GlobalCompliancePanel to organize two-day seminar on “FDA and U.S. Customs Import Rules and Export Traps in 2020”

This plan seeks to reward importers who demonstrate a level of confidence about the quality of food they import by establishing an FDA-supervised, fee-based program.

GlobalCompliancePanel, a leading provider of professional training for all the areas of regulatory compliance, is organizing a two-day, in person, live seminar on the topic, “FDA and U.S. Customs Import Rules and Export Traps in 2020”, on December 4 and 5.

Casper Uldriks, an ex-FDA Expert and former Associate Center Director of CDRH, will be the Director of this seminar. Please enroll for this session by visiting https://www.globalcompliancepanel.com/seminar/tougher-import-rules-for-FDA-901966SEMINAR

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Smarter, more sophisticated, more agile and more demanding. These are what the FDA and the Customs and Border Patrol Service (CBP) have become of late when it comes to their expectations and requirements from importing firms of the submission of information and adherence to government procedures. Firms that fail to properly execute an import and export program can expect the FDA and the CBP to delay, detain or refuse their shipments.

The new Automated Commercial Environment (ACE) computer program from the CBP has brought in many changes to the process of import logistics and information reporting for FDA regulated products. As a result, companies that do not comply with the requirements set out in the ACE program can experience one of the worst nightmares they can think of: having their shipment stopped before it is even loaded at the foreign port! And then, if they refuse to or fail to use the ACE program, such ships also carry a fine of up to $10,000 for every offense.

Embedded-Software-Development

There is more: such companies whose products the FDA detains face a cumbersome, long winding and expensive legal process. The FDA expects companies to have the import coding information accurate and up-to-date. Any company that lacks a thorough and clear understanding of the automated and human review process are almost certain to have their shipments detained.

And then, what happens in a scenario in which the FDA decides that importers should bring the products back to the port of entry after they received a release but cannot locate the product that has been sold? Well, in such instances, such companies are slapped a fine that is three times the value of the shipment, not to speak of the additional adverse legal concerns and strategies that come along.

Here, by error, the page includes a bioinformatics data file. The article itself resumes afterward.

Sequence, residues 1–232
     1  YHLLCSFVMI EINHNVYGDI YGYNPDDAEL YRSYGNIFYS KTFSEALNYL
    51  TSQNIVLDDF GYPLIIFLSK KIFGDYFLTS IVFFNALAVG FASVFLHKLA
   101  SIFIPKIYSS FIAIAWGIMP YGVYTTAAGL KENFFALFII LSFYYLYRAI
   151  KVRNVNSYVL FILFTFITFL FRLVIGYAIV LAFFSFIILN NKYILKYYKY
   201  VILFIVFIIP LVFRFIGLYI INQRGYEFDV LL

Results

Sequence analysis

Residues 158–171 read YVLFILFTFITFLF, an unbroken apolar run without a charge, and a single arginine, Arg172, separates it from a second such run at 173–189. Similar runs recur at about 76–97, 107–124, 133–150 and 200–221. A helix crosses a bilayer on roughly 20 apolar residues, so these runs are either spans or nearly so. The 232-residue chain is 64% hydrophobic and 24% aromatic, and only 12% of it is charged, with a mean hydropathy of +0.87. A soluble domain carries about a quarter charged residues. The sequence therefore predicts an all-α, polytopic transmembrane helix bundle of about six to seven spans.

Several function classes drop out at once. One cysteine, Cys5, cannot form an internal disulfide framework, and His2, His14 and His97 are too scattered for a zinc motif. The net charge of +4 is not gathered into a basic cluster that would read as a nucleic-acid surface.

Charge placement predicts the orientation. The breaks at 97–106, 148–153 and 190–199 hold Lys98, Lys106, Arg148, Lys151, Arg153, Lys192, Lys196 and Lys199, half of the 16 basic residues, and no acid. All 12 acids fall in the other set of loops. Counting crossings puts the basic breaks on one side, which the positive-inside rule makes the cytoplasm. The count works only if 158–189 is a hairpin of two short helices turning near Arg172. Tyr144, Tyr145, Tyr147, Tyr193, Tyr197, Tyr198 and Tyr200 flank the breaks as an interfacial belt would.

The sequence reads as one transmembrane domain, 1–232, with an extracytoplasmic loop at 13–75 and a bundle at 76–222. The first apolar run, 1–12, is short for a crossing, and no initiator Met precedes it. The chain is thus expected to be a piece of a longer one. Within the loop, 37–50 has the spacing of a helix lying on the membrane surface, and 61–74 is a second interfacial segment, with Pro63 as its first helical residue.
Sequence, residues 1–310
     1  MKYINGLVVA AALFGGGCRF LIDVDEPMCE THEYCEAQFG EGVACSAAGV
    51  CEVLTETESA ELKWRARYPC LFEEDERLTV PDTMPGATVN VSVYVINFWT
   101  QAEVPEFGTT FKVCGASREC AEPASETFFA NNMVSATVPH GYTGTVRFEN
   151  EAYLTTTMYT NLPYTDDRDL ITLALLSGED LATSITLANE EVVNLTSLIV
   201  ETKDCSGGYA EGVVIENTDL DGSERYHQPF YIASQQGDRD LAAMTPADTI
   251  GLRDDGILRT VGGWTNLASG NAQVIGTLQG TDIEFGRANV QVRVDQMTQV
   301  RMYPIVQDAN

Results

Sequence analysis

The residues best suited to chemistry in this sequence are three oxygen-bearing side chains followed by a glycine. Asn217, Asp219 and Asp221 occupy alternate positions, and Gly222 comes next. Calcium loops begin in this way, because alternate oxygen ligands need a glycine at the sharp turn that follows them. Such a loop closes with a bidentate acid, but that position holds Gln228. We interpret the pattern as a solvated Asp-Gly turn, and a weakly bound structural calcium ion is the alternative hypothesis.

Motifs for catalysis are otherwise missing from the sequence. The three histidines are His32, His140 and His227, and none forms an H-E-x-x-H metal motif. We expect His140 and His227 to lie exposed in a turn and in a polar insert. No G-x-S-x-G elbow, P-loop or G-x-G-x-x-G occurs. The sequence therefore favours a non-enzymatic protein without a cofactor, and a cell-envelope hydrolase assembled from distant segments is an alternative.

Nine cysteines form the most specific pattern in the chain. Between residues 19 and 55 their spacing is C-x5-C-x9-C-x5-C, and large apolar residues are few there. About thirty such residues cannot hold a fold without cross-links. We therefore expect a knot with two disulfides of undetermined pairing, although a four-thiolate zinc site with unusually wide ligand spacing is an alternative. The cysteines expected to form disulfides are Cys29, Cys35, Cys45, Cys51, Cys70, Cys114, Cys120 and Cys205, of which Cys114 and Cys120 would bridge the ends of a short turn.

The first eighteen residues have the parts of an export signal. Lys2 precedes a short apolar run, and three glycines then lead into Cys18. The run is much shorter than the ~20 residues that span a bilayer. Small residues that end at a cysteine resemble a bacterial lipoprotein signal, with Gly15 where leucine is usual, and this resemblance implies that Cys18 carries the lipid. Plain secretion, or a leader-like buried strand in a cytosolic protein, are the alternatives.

What do all these mean? Simple: if you are an importer, you are doomed if you fail to comply with the FDA’s guidelines on imports.

Yet, there is a way out of this quagmire, in the form of the Voluntary Qualification Importer Program, which the FDA is implementing under the FDA Food Safety and Modernization Act. This plan seeks to reward importers who demonstrate a level of confidence about the quality of food they import by establishing an FDA-supervised, fee-based program. What this program does is that it facilitates the review and importation of foods from importers who establish a higher level of control over the safety and supply chain aspects of the imported food items.

And then, there is also the extra perk that the FDA offers: its export certificates. Offered at a reasonable fee; these certificates can go a long way in giving an importer a competitive advantage in foreign markets. In fact, a few foreign governments make an FDA export certificate a requirement.

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The aim of this seminar is to offer learning on all these core areas of the FDA and US Customs Import Rules in 2020. The Director will explain how to deal with common problems, such as returns for repair, importing QC samples, and investigational products. The learning will be taught over the following agenda:

Day 1 Schedule

Lecture 1:

FDA Legal Authority Customs and Border Control (CBP) Import Process FDA Import Process Registration and documentation

Lecture 2:

FDA Import Process (continued)

  • Import Brokers
  • Prior Notice Information
  • CBP and FDA computer programs
  • Import Codes
  • Bonds and Bonded Warehouses
  • FDA “Notice of Action”

Lecture 3:

Import Delays Import Alerts Detention Refusals

Day 2 Schedule

Lecture 1:

Foreign Inspections FDA 483 – Inspectional Observations

Lecture 2: